I woke up in the Chesapeake Bay island village of Tylerton yesterday and heard nothing but the sound of marsh grass rustling outside my bedroom window.
There are no cars or trucks in this community of 36 wooden clapboard houses and a dozen crabbing boats, and so no need for streets. Instead, the town on Smith Island has shady walking paths between its homes and storm-battered piers. And it has silence.
At sunset, I paddled a canoe around the harbor, and saw dozens of thumb-sized heads poking from the glassy purple water. They were diamondback terrapin, apparently looking around to see if they finally had the place to themselves. A squadron of seven pelicans soared overhead. The turtles vanished under the water.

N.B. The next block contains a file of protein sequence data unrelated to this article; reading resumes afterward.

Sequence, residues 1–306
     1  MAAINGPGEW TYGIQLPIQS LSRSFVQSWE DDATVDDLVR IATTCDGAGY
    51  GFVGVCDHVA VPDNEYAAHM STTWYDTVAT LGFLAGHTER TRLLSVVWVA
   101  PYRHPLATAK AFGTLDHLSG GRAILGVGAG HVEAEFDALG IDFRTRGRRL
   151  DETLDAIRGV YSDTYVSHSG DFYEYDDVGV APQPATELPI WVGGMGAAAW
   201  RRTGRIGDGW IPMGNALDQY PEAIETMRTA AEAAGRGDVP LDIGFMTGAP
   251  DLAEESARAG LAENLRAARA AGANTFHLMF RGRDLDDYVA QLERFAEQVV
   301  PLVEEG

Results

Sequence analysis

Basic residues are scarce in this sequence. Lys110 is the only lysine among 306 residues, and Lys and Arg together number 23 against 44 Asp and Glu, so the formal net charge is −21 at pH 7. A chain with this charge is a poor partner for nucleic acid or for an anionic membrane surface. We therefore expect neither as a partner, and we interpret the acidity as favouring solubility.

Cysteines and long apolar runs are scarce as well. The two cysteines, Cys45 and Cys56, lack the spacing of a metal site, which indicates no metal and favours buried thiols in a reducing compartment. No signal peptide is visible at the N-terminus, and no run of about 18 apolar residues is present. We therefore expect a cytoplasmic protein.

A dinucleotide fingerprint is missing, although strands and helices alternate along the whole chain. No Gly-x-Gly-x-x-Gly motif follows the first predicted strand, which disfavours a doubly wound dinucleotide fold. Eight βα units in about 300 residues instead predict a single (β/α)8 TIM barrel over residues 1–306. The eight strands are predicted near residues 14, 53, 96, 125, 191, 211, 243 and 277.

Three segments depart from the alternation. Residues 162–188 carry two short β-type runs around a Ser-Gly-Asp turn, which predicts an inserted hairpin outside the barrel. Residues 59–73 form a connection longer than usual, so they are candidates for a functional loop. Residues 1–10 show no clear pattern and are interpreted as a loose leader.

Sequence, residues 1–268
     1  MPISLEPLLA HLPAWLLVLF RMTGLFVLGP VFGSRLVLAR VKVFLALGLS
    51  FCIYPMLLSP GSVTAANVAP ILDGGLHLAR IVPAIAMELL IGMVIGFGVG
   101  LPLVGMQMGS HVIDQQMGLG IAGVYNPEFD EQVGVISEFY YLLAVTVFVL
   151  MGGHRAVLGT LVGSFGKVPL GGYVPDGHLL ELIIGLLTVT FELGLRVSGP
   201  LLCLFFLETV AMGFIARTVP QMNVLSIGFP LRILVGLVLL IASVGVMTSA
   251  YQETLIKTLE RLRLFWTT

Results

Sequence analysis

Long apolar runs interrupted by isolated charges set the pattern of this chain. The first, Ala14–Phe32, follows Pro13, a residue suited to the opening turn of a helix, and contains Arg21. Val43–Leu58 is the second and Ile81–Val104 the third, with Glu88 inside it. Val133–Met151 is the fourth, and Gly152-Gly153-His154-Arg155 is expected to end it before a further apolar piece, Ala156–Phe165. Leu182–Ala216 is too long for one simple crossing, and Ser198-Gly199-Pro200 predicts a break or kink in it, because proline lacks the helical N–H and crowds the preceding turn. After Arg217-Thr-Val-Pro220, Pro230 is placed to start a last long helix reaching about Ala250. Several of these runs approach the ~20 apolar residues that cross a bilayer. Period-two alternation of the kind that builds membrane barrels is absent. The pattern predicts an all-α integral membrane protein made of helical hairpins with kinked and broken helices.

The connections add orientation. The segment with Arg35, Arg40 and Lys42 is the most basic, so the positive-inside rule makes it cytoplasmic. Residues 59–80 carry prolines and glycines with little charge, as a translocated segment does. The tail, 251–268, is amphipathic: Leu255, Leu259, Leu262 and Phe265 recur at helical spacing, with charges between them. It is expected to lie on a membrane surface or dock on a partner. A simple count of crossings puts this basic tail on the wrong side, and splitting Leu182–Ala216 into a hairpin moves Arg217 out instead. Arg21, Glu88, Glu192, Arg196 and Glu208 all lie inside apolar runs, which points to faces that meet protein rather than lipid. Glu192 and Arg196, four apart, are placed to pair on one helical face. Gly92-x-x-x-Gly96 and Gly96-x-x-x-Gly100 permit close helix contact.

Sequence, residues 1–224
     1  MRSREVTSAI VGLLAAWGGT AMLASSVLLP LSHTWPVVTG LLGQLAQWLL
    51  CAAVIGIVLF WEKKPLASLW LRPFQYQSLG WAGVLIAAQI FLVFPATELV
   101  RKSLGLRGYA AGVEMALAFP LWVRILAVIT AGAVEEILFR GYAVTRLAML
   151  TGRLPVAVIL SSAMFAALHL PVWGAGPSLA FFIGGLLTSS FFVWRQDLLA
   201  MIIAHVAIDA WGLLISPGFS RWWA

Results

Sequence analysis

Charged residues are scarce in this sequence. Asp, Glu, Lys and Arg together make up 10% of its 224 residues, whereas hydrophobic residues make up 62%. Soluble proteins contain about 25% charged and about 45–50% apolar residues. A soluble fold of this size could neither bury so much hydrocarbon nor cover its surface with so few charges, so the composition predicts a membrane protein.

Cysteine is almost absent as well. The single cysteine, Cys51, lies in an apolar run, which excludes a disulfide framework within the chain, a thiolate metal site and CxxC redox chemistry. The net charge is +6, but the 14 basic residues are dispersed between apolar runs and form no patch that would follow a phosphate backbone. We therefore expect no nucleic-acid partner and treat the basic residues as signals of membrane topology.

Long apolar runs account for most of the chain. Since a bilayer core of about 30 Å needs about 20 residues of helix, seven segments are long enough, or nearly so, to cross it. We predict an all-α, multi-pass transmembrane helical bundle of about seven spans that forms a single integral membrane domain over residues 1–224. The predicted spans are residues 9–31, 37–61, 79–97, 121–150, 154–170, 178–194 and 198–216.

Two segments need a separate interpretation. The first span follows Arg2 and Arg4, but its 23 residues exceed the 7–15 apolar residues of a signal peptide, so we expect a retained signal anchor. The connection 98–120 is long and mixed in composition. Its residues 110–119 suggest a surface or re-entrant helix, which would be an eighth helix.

The town offers a glimpse at what life would be like without traffic, chain stores, strip malls or fast food. The village’s one shop, the Drum Point Market, offers credit the 19th century way. Behind the counter is a bin with spiral-bound notebooks, each with the name of a local resident on the cover. When people come in to buy a half-pound of hamburger or a dozen nails, the manager carefully writes the amount they owe in the book and folks pay when they can.